Every Friday through September, we’ve been posting a review of a lesbian/bi-themed romance novel as part of our Summer of Love. Read them here. This is our final review, so we hope you’ve enjoyed the Summer of Love.
If you’ve found yourself in a passionless, loveless marriage, reading Same Time Next Week written by Emily Smith may be the either the best idea or the worst idea you make this Labor Day weekend.
Same Time Next Week centers around Alex Harris, a lesbian lawyer. Need I say more? Well, I do need to. She’s married to Beth, an Applebee’s bartender, however their monogamous marriage of three years is starting to lack the excitement it once had. But all the riblet baskets you can handle. They also have a cat which I find important in noting because this is a lesbian romance novel after all. On Alex’s usual weekly stint at the café she frequents, she meets Michelle, who seems to be doing the same thing at the same time each week. Sound familiar? It should because it’s the title. Michelle is a stunning nurse with a wit that Alex can hardly keep up with. Wait so Alex is in an unhappy marriage and then meets a super attractive lesbian nurse that revs up her metaphorical but also somewhat literal engine? I’ll keep reading. (Her engine is her vagina).
Alex and Michelle’s weekly meet-ups start to escalate. From Michelle bluntly asking “Do you love your wife?” to accidental hand grazes. I repeat, accidental hand grazes!! Alex soon finds that what she’s not finding in her marriage, she believes she’s found with her new not-so-platonic nurse buddy. More and more about Alex’s past starts to seep through the narrative. Alex reveals that she’s cheated on every girlfriend she’s ever had. Who is this girl? My ex-girlfriend?
As the story moves forward, Alex and Michelle abandon the setting of the coffee shop and move towards more romantic settings: candlelit dinners, a 4th of July weekend getaway where Michelle grew up, even a wedding. All the while, Alex lies to Beth about her whereabouts. Despite the romantic settings, Alex and Michelle never touch once. Now I know what you may or may not be thinking: Is this cheating?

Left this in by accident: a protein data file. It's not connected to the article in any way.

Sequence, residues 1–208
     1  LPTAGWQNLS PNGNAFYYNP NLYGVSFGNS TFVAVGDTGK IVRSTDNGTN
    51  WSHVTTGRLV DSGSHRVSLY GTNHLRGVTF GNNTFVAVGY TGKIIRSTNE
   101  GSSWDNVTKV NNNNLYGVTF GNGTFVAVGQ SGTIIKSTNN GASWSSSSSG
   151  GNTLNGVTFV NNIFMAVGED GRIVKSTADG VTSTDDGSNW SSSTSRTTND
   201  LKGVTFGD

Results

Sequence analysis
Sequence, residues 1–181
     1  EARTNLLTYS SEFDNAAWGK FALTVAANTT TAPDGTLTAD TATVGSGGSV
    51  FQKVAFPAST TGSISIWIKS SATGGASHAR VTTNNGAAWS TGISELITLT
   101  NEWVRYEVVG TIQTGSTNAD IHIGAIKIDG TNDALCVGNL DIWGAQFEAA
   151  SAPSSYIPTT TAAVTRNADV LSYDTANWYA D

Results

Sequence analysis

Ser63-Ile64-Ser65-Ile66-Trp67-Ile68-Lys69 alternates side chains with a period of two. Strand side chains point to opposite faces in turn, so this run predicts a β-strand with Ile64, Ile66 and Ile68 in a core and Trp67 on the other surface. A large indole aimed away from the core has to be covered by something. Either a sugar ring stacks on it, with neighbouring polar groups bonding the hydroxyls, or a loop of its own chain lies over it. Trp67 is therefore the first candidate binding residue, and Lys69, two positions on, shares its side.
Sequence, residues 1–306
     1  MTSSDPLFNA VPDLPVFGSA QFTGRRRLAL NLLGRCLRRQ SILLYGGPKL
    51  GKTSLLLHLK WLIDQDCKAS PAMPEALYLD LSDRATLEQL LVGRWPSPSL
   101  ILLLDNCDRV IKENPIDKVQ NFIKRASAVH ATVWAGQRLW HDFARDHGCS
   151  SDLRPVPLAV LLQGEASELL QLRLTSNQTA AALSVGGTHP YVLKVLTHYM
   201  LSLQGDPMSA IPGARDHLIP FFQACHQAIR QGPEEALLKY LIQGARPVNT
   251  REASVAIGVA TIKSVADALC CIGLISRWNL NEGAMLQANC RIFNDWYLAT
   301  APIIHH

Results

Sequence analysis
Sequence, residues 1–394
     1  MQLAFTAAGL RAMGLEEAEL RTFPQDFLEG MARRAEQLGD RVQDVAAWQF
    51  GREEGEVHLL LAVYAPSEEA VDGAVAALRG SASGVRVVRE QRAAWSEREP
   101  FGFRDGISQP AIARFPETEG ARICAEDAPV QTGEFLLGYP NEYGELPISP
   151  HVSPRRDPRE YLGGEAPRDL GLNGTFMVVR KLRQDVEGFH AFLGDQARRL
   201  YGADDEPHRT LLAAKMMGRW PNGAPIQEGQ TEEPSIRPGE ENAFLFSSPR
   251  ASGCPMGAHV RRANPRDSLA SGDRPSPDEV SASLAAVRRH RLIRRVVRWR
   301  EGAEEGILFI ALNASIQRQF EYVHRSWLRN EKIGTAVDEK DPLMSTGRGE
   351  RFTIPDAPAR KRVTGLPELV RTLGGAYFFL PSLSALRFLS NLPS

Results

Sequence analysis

You may find trouble reading on about what, for the most part (no spoilers) is heavily an emotional affair. The book really begs the question: Is emotional cheating still cheating? If your willingness to try in the marriage completely dissipates due in part to your attraction to someone else outside your marriage, but you haven’t reached the physical part, is it still cheating? Alex lies to Beth, more than once. Alex knows she’s doing something wrong but then justifies to herself that she isn’t. You can truly feel the protagonist’s confusion and somewhat delusional take on her moral code. She goes from wanting it to work with Beth to vehemently loathing Beth for holding her back. Who is she, my ex-girlfriend?
Though the book explores a hard topic, it’s not dry of awkward, comedic situations; see: Beth demanding to meet Michelle and the three women having a meal together. Moments of self-awareness from every character about what is wrong and what is right take a bit of the edge off of the jarring subject matter.
Without giving away spoilers, I’ll say that any form of adultery is a hard sell. The relationship between Alex and Michelle really begs the question if you should be allowed to have long-standing attractions outside your marriage that give you the butterflies that you haven’t been getting? How far is too far? Is this girl my ex-girlfriend?
You can find Same Time Next Week through Bold Strokes, Amazon or your favorite bookstore.